Many of these transfers also generally insure some degree of continued control, permitting the transferor to retain a good deal of the economic benefits of assets he or she transfers. This technique is extremely valuable when interest rates are low, such as now.
Grantor Retained Annuity Trust
One of the most effective strategies in today’s low-interest-rate climate involves establishing a Grantor Retained Annuity Trust. The following are several features:
- The original owner of the asset and creator of the trust, the Grantor, transfers an appreciating asset to an irrevocable trust and the Grantor continues to retain all or a portion of the trust’s income for his or her life or for a period of years (the “Term”).
- At the end of the term of the annuity, the asset (the “Remainder Interest”) will pass to the Grantor’s beneficiaries. Assume that the asset will increase in value. By making a gift of the Remainder Interest, any increase in the value of the asset will pass to the beneficiary without being taxed in the Grantor’s estate. Equally as important, by making a gift only of the Remainder Interest and not of the entire ownership of the asset, the valuation of the gift, for gift tax purposes, is greatly reduced because there is a delay in the beneficiaries’ enjoyment of the gift during the Term.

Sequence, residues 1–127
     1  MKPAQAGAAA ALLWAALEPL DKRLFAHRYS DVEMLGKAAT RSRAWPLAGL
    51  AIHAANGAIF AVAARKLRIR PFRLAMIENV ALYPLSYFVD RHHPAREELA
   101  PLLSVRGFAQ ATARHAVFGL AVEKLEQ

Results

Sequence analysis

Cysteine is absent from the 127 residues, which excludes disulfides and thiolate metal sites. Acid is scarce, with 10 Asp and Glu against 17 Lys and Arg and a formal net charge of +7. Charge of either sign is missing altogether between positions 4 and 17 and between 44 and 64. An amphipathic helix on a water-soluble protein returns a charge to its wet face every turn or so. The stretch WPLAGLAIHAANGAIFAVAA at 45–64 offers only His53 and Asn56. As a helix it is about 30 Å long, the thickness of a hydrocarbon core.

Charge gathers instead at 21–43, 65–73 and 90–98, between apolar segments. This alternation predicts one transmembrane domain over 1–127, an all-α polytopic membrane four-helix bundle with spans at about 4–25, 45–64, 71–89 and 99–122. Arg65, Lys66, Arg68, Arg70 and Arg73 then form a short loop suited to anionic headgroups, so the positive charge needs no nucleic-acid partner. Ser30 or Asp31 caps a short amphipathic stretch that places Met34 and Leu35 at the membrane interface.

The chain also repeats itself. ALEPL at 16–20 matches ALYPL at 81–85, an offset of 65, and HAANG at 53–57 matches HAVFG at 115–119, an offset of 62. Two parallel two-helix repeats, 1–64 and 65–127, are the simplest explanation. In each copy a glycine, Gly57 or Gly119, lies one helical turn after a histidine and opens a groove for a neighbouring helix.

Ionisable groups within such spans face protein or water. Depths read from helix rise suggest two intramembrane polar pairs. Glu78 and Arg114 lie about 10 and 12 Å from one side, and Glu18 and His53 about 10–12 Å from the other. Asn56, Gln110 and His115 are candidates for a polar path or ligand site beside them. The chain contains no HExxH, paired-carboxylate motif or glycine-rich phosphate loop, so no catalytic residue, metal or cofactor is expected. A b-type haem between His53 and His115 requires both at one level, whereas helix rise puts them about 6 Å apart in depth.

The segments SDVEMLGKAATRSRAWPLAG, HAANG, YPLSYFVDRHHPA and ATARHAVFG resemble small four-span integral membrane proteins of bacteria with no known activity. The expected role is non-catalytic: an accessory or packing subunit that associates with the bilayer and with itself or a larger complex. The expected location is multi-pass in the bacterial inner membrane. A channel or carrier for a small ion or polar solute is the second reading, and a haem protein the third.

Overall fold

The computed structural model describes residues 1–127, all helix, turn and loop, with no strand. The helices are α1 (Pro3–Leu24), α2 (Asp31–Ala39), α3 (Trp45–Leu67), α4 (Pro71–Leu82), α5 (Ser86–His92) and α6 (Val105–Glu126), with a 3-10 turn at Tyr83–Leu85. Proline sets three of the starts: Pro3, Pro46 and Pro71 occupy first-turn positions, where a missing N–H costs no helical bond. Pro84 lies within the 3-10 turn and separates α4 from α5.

To understand why the Grantor Retained Annuity Trust is beneficial at low interest rates, assume the following:
- The Grantor establishes an Irrevocable Trust for his children and transfers an asset worth $1 million that will pay an income of 6 percent per year and will double in value in 10 years.
- The Grantor retains an interest in all of the trust’s income for 10 years at $60,000 per year, consuming all the trust income annually.